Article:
By the numbers: The manufacturing index rose by 2.7 points month over month to 53.6, continuing the series' rise from 50.9 in July.

  • The services index rose by the most since March 2019, beating expectations and jumping to 54.8.
  • (50 is the dividing line between growth and contraction.)

What it means: Companies in both the manufacturing and services sectors saw a resurgence in new orders, the reports showed.

  • "The rate of job creation accelerated among service providers, with manufacturers indicating the first rise in staff numbers since February," Markit said in its report.
  • “Total new business rose for the first time since February and at a solid rate. Manufacturing firms registered a steeper expansion in new order inflows than in July, while service providers signaled a renewed increase in sales."

Yes, but: PMI numbers only measure month-to-month change and whether businesses say things got better or worse. The surveys do not account for the amount of change, so they don’t show how much ground still needs to be made up after steep declines that began in March.

4. Existing home sales surge again
Data: Investing.com; Chart: Naema Ahmed/Axios

Existing home sales rose by 25% in July over June's red-hot pace, the biggest monthly gain on record for the data series that goes back to 1968.

Why it matters: Residential home sales have been rising at a breakneck pace since most nationwide lockdowns ended in May.

  • July's record 25% increase follows a 21% monthly increase in June.
  • There were 5.86 million homes sold during the month, and sales hit the highest rate since December 2006.

Why you'll hear about this again: The median sale price of a used home rose to $304,100 in July, the first time the metric has ever risen over $300,000.

  • Home prices have risen 8.5% year over year.
  • The median price of a used home in June was $294,500, up from $283,600 in May.
5. Census data: Small businesses expect longer, milder impact

Reproduced from U.S. Census Bureau; Chart: Axios Visuals

The Census Bureau released new phase two data from its Small Business Pulse survey last week, showing some of the sectors most impacted by the coronavirus pandemic.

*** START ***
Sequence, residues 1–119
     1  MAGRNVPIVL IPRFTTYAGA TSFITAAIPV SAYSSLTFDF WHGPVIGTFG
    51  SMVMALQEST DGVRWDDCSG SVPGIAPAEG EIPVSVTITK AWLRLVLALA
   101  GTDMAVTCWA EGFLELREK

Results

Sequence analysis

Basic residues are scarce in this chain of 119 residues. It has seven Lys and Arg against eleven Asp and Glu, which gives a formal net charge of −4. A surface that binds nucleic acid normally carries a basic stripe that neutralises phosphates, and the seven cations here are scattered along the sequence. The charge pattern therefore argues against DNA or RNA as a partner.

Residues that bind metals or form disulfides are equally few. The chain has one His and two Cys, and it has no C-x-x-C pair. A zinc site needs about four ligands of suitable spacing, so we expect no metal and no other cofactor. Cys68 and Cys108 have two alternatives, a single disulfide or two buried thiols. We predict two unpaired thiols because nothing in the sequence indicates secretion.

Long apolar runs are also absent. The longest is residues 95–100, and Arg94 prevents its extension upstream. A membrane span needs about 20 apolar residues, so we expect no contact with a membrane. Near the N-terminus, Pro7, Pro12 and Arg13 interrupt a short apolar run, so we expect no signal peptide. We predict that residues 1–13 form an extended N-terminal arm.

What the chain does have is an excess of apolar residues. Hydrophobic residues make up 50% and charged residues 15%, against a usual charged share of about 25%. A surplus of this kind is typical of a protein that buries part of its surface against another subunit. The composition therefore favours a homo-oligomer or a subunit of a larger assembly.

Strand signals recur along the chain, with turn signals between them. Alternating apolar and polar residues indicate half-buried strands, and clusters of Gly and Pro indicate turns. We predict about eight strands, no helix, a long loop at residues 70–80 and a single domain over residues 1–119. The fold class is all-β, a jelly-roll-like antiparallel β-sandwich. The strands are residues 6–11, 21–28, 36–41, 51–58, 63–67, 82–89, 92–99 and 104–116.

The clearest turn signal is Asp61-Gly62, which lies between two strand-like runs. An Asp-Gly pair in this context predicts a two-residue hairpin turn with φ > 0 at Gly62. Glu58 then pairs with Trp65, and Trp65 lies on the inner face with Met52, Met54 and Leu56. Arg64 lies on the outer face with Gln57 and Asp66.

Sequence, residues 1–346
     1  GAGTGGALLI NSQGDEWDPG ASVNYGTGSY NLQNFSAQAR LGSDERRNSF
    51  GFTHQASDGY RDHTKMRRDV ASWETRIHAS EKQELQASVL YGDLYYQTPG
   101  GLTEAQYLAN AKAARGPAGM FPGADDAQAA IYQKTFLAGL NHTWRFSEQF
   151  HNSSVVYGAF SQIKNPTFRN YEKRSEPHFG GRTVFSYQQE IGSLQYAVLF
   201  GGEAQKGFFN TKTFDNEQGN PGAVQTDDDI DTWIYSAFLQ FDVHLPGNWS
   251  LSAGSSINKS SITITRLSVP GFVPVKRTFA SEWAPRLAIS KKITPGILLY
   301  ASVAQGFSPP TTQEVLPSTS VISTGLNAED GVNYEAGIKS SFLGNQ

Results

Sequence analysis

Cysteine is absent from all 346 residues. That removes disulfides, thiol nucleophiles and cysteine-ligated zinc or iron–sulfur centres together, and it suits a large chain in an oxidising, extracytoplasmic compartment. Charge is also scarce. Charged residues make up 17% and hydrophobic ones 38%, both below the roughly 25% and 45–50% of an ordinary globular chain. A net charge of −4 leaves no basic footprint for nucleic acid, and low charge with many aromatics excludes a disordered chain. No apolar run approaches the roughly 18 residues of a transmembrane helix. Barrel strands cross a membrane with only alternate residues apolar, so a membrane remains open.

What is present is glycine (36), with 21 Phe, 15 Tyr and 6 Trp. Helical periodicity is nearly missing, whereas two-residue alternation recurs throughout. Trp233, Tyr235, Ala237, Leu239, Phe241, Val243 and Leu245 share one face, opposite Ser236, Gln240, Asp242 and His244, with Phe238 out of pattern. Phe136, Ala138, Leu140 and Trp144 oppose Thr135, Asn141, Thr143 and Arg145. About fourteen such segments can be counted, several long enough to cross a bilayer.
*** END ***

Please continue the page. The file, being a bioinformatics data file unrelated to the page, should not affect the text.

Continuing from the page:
What they found: Hiring and rehiring have slowed and businesses now broadly say they expect recovery from the pandemic to take much longer than previously thought.

  • 44% of respondents expect recovery will take six months or longer and 10% say they don't ever expect to recover. This compares to 31% who said at least six months in the first week of the survey and 6% who said never.
  • But more small firms say the pandemic will have a moderate negative impact on business than a large negative impact (45% vs. 34%) compared to the first week of the survey (39% vs. 51%).

Details: The survey is a collection of "high-frequency, detailed information on the challenges small businesses are facing during the Coronavirus pandemic as well as their participation in federal programs such as the Paycheck Protection Program," according to the Census Bureau.

  • It includes information about "small business operations and finances, requests and receipt of assistance, and measures of overall well-being and expectations for recovery. Data is available by sector and state for the fifty most populous Metropolitan Statistical Areas."
Dion Rabouin

Thanks for reading!

Quote: “It’s the one thing you can control. You are responsible for how people remember you — or don’t. So don’t take it lightly.”

Why it matters: Yesterday, Aug. 23, would have been the great Kobe Bean Bryant's 42nd birthday had he and his daughter Gianna not died in a tragic helicopter accident in January.